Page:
Bill Arning, director of the Contemporary Art Museum in Houston, curates a selection of Visual AIDS Artist+ Member artworks, titled Hauntings, which explores the poignancy of memory and the “pastness” of photographs.
I am haunted more by the memories of men I never kissed, fucked or played with much more than those I did. I have joked that within me there is a chubby 14-year-old English girl obsessed by Morrissey and sure I will never be loved, and considering a future career as the ritual hanger on to a coterie of gay men. Those haunts go back to my teenage years, and most objects of these unhealthy dreams not only never saw me as a potential lover, they were likely unaware that I fantasized and pined for them. One of my earliest friends who died from AIDS was named James W, and everyone I knew had crushes on him, he was, and remains in memory, perfection personified. When he got sick his family whisked him home to Utah, where, he just vanished from our lives. When years later I found by accident his panel at the AIDS memorial quilt I thought, “well now I will never know what his kisses would have been like.” While many of these crushes did not die...and thanks to the wonders of Facebook occasionally pop up aged and different than I remember, there is that constant reminder of the phrase, “this I shall never know.” The following selection of images each reminds me of mortality, and the constraints of life, the nonnegotiable finitude of life’s pleasure. AIDS is but one of the many ways in which the sweet limits of mortal lives must be daily acknowledged. Photography as an art form is defined by its pastness, as soon as an image is made it records its begins marking its transit swiftly away from present tense. This unthinkable quarter century that has passed since Electric Blanket’s premiere is a splendid time to remind myself all I have is today.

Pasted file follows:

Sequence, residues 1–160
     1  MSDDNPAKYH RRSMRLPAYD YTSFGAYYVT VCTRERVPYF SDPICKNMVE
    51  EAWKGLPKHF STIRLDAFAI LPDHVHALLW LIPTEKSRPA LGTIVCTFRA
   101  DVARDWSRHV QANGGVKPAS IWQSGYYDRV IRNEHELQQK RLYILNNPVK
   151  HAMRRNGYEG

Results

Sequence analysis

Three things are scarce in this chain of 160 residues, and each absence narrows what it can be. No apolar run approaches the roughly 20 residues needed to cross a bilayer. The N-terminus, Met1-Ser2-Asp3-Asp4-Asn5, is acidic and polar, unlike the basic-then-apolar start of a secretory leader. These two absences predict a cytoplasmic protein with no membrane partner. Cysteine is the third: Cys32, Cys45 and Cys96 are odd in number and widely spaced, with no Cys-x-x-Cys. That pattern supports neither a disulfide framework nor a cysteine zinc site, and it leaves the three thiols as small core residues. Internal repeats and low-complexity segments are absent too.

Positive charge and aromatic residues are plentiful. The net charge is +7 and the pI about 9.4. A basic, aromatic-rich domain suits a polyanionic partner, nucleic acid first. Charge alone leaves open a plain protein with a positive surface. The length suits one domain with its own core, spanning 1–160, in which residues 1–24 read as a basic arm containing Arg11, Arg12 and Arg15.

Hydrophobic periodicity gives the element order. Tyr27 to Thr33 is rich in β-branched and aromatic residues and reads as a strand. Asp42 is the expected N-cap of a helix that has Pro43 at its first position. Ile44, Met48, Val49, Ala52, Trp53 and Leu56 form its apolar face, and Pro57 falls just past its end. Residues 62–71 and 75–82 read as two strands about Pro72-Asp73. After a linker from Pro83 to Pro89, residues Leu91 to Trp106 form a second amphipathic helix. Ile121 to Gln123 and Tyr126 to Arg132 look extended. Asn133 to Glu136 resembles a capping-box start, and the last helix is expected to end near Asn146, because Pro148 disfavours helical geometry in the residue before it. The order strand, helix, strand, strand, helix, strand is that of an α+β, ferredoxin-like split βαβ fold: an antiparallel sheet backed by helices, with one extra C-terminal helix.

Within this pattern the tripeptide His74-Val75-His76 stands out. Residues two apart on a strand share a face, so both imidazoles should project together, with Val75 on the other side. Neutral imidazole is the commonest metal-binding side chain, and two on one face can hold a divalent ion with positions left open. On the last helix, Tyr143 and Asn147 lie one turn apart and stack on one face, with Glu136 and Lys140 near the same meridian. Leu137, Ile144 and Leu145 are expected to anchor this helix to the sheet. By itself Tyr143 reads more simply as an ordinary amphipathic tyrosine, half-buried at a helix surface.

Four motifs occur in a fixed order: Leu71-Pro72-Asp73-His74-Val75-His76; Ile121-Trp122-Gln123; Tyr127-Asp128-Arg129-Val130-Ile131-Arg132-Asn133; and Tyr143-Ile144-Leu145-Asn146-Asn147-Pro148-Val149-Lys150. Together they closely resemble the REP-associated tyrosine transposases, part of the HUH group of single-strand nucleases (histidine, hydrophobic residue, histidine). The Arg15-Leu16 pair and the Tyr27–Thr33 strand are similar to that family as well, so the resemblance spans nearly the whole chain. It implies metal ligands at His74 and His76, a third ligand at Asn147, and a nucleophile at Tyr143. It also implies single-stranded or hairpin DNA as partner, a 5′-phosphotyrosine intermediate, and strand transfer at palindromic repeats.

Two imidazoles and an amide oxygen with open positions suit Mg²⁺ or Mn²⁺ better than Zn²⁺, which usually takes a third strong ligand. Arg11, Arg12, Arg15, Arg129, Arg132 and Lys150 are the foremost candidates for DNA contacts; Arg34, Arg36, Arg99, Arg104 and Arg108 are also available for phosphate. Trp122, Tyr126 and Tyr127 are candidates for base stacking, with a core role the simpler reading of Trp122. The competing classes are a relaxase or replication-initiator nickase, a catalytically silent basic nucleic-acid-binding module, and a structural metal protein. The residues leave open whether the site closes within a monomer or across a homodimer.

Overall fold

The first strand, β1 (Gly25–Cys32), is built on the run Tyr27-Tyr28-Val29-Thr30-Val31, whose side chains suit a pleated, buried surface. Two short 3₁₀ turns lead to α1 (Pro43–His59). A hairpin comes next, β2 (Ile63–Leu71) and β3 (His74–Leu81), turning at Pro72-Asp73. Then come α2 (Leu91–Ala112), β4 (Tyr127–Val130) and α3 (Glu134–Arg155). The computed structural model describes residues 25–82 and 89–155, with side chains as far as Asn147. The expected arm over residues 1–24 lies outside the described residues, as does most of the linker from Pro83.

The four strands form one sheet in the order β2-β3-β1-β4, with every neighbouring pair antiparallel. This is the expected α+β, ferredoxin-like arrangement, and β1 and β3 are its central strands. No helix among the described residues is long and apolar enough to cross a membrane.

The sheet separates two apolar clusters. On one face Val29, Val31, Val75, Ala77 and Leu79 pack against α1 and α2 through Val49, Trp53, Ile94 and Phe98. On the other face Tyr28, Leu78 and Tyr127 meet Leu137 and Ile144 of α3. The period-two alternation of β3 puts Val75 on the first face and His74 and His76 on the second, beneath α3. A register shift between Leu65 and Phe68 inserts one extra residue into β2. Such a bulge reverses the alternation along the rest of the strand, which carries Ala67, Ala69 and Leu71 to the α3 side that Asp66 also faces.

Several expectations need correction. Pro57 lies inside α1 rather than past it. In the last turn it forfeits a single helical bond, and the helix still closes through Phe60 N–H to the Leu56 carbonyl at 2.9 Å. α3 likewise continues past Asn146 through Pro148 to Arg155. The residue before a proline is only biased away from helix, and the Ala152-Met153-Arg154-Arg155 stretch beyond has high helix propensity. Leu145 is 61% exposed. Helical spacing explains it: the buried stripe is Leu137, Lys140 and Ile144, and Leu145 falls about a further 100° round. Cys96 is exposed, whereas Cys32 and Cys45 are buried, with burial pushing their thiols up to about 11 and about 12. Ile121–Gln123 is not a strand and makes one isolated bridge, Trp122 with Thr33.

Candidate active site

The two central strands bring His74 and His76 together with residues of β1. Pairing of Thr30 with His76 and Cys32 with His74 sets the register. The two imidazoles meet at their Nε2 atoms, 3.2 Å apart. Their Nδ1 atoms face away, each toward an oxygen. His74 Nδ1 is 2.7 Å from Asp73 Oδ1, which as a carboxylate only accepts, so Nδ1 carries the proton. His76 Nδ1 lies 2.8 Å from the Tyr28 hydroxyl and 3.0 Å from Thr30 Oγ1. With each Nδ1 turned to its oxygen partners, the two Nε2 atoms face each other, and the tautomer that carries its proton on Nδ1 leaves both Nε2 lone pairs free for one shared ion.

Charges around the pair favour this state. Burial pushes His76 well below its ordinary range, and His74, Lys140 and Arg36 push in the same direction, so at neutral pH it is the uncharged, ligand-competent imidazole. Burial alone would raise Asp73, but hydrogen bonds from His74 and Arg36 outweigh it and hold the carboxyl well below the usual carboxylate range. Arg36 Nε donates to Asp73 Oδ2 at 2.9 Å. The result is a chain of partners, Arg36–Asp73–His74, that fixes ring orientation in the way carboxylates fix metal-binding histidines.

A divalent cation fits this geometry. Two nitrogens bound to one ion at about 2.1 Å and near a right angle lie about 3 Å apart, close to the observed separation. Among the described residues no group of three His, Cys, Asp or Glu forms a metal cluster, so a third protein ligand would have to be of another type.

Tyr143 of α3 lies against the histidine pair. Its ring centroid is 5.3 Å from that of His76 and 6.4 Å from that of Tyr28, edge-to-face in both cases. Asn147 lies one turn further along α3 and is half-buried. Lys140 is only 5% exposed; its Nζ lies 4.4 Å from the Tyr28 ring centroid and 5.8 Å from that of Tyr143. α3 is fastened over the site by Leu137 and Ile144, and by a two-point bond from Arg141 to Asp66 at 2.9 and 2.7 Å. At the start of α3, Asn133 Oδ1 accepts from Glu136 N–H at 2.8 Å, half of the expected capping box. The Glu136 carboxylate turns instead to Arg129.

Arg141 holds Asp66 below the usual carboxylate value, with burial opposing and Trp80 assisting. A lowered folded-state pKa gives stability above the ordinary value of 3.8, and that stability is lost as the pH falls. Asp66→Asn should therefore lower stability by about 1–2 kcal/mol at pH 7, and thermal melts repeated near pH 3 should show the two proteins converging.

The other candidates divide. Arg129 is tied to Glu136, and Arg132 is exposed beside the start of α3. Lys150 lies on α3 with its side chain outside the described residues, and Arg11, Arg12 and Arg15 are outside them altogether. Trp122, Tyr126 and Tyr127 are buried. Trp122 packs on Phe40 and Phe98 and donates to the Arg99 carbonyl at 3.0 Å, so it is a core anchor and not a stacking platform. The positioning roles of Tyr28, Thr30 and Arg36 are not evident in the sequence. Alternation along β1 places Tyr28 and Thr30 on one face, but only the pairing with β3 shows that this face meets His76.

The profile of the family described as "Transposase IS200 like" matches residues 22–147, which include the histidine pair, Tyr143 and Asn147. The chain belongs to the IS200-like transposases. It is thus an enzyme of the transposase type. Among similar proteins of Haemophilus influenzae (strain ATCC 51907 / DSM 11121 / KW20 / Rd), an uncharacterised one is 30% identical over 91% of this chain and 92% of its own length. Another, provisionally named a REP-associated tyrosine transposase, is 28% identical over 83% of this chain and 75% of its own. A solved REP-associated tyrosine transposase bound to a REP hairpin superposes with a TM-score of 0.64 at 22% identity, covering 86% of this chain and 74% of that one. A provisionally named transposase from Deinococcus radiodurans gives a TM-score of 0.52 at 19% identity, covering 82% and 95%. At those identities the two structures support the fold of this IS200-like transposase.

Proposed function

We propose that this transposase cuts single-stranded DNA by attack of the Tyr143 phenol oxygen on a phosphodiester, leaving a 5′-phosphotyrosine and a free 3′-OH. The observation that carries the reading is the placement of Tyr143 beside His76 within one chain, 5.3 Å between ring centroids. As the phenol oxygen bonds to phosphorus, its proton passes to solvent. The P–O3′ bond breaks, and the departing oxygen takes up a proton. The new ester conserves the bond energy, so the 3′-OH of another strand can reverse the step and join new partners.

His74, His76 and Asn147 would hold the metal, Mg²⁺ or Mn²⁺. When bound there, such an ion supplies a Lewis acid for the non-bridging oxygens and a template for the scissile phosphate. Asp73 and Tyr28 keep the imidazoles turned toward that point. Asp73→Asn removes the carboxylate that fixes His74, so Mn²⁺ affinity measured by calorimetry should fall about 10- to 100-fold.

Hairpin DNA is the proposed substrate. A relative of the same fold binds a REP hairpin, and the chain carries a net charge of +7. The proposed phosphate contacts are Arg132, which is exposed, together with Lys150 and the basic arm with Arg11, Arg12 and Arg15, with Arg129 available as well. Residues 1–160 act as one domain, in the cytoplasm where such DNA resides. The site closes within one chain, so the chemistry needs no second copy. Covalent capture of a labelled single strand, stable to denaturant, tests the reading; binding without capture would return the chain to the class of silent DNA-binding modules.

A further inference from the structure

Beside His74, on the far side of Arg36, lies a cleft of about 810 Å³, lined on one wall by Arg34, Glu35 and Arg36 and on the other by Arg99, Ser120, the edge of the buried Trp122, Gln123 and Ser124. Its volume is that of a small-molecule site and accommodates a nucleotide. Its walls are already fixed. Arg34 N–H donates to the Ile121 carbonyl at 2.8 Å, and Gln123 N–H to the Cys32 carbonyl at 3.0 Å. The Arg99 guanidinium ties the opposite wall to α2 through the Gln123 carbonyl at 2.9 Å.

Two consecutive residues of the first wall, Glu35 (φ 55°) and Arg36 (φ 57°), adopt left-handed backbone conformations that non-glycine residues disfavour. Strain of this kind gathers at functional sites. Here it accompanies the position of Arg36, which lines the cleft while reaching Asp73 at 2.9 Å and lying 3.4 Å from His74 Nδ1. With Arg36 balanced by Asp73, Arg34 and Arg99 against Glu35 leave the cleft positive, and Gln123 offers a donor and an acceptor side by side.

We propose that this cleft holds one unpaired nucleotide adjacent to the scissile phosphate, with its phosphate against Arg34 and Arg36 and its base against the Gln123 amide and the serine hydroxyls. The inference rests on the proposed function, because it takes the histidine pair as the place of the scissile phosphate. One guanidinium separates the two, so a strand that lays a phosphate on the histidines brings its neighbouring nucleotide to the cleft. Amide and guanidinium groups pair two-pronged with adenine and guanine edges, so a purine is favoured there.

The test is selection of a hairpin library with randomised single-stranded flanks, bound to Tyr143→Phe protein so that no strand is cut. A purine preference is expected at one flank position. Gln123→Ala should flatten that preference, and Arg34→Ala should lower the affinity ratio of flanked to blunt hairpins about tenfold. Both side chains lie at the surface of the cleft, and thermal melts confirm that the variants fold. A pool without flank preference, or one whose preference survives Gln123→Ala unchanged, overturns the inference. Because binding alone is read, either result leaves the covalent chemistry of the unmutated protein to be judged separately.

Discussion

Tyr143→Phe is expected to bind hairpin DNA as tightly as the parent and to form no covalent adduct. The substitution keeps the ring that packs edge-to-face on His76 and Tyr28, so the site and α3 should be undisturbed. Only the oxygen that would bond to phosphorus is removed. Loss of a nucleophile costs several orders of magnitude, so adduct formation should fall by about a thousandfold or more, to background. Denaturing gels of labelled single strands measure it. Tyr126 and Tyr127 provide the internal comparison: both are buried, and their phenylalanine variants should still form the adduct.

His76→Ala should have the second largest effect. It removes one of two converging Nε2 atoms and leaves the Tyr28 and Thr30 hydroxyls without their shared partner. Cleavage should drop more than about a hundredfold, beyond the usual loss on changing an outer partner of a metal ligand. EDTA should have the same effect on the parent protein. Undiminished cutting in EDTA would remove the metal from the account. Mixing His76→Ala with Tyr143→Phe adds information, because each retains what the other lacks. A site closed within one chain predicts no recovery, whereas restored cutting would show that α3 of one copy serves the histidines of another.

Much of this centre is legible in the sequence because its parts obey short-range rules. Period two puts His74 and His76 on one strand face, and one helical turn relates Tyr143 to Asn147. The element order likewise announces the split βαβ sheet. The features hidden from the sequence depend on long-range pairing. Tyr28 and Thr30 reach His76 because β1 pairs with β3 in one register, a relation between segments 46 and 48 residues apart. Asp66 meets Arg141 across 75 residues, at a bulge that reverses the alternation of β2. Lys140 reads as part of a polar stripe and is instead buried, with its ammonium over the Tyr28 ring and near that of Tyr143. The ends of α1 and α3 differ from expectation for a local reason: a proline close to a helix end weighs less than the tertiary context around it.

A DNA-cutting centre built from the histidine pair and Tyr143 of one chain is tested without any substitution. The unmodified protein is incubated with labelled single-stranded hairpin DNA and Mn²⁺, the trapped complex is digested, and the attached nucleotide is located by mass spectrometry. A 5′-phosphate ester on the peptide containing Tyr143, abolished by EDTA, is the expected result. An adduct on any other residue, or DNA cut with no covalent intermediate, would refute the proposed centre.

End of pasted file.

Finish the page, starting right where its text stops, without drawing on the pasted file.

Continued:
Bill Arning is the director of the Contemporary Arts Museum Houston. After arriving in Texas in 2009, Arning organized solo exhibitions of Marc Swanson, Melanie Smith Matthew Day Jackson, and the late Stan VanDerBeek. Jackson and VanDerBeek were jointly organized with the MIT List Visual Arts Center where Arning was exhibitions curator from 2000 to 2009. At MIT he organized shows of AA Bronson and Cerith Wyn Evans, and a retrospective of the work of Kate Ericson and Mel Ziegler. From 1985 to 1996, Arning was director of White Columns in New York City, where he organized groundbreaking first solo shows for many of the best known artists of his generation including John Currin, Marilyn Minter, Andres Serrano, Richard Phillips, Cady Noland, and Jim Hodges, among many others. In 1993 Arning organized the first exhibition about gender and sexuality in South America, Maricas, at the Center Cultural Ricardo Rojas at the University of Buenos Aires.
Arning has written on art for journals such as Artforum, Art in America, Out, and Parkett, and multitudes of international museum publications, including texts for retrospectives of Jim Hodges, Keith Haring, Christian Jankowski, and Donald Moffett as well as other writing for books by Elmgreen and Dragset and Lawrence Rinder. He has written an essay on the art market and AIDS for the upcoming publication ArtAIDSAmerica being organized by the Tacoma Art Museum. Arning co-organzied with curator Elissa Auther and the Museum of Contemporary Art Denver a survey exhibition Marilyn Minter: Pretty/Dirty and also the first large scale museum exhibition of Mark Flood, titled Gratest Hits, in 2016.